Whether it's used to deliver medical supplies to remote areas in Rwanda or deliver the goods from late night impulse buying on Amazon, drone technology is here to stay. While the applications of large drones seem to be limitless, sensitive search and rescue missions require a smaller drone that can more easily maneuver around a disaster zone. One Harvard lab may have found a solution to the biggest challenges of small drones by using static electricity to allow the drone to mimic similar-sized insects.
"Many applications for small drones require them to stay in the air for extended periods," explained Moritz Graule, first author of the paper published in Science. "Unfortunately, smaller drones run out of energy quickly. We want to keep them aloft longer without requiring too much additional energy."
By harnessing the power of static electricity, a small platform on the top of the robot is able to perch on surfaces to take a break from hovering. This is so efficient, the drone is able to spend 1000 times less energy perching.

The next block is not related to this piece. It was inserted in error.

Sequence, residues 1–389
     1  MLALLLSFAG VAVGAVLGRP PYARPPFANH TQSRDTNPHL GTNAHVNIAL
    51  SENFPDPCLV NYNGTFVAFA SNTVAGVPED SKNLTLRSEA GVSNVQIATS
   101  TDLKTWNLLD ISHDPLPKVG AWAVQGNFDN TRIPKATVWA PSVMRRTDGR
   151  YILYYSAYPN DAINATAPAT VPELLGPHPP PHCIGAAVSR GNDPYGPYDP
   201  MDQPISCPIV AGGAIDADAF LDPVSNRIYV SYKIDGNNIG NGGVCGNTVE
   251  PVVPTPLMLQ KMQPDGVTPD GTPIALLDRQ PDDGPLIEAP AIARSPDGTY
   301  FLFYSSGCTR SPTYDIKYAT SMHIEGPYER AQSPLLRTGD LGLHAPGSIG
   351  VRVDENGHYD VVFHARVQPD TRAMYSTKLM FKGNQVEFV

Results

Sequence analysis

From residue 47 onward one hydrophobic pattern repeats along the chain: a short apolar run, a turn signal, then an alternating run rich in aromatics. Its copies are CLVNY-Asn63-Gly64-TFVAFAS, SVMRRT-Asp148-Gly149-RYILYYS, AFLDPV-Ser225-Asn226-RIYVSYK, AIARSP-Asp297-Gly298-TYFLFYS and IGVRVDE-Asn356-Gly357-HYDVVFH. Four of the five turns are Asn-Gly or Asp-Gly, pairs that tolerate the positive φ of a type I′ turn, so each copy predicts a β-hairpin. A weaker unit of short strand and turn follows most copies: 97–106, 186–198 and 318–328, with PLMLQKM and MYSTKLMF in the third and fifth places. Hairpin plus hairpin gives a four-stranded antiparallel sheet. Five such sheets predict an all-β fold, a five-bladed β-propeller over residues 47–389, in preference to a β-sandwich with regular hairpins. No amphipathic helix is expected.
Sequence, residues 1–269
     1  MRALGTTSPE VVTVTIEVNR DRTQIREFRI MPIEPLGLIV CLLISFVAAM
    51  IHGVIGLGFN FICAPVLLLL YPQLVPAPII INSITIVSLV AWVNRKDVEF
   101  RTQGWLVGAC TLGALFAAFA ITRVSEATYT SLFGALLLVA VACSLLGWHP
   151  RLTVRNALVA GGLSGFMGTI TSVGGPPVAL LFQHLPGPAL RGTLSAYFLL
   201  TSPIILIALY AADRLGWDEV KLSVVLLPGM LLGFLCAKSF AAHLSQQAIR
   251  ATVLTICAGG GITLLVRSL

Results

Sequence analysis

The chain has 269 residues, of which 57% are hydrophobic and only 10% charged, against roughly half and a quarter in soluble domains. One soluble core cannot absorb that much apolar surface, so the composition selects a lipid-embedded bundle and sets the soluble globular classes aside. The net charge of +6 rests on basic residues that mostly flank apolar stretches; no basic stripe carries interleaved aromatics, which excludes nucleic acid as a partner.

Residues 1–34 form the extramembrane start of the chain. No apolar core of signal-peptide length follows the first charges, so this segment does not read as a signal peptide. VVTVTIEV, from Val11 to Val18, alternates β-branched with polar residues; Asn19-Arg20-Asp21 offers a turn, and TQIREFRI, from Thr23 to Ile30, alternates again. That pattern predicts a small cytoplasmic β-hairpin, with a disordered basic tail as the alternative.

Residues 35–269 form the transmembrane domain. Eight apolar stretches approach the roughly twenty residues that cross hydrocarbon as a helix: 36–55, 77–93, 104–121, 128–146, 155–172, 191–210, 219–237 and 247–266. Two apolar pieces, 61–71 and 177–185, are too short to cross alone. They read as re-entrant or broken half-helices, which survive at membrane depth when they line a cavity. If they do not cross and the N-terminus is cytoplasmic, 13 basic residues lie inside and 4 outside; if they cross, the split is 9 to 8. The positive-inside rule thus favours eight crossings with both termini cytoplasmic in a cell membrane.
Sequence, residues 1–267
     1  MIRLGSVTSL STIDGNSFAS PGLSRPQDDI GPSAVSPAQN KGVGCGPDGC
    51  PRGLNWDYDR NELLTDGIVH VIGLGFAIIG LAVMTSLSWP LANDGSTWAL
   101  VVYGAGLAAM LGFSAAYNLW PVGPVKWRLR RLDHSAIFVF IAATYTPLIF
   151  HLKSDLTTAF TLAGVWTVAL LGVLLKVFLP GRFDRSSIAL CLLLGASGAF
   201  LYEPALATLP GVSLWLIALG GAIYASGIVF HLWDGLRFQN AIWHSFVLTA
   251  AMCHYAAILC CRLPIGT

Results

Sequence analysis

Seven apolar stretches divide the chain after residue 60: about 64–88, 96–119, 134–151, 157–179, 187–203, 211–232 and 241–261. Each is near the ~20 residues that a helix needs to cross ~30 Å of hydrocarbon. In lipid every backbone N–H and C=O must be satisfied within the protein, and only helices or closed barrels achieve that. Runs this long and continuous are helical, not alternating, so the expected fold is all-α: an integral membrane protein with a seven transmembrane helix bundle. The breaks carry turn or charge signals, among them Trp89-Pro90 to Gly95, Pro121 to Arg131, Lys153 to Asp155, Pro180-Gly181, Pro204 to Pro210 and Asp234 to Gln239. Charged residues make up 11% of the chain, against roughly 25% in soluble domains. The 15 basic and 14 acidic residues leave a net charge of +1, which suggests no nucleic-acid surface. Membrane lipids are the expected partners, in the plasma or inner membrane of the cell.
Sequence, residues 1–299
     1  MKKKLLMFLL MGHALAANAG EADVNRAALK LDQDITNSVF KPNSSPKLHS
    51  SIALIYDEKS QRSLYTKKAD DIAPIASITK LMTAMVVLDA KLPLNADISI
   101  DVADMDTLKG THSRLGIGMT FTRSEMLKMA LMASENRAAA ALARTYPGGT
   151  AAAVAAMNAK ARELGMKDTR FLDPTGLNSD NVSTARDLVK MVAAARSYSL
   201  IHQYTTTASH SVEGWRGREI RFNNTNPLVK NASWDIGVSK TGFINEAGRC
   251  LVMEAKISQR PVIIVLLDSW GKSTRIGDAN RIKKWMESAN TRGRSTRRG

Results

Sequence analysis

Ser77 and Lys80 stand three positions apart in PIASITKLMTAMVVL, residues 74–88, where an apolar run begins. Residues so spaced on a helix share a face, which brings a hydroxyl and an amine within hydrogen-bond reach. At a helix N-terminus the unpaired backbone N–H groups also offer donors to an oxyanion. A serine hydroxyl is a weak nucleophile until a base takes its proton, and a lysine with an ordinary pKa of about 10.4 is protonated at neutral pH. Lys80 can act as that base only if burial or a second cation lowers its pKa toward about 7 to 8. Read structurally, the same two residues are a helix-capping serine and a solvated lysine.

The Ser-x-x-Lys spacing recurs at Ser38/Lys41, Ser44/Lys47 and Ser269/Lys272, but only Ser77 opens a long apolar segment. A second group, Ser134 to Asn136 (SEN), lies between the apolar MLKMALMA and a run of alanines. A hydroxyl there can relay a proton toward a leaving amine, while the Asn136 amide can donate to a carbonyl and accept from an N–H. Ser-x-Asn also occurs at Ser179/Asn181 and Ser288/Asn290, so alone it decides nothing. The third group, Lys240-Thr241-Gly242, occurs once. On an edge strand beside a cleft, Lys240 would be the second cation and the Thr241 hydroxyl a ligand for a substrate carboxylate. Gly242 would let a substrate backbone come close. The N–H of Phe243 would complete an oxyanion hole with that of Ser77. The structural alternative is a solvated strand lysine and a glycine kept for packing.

The team is able to accomplish this by supplying a very small amount of energy to the platform, keeping it negatively charged. As it comes into contact with another surface, the negative charge pulls electrons away, creating a positive charge on the surface. The opposite charges are attracted to one another, allowing the robot to stick.
The current robot, which the lab has dubbed RoboBee, is tethered to its power supply. There is still much work to be done in creating a cordless robot capable of being practical in a search and rescue mission. Still, the simple beauty of using static electricity as a means of preserving energy is an incredible development.
Check out the robot in action here: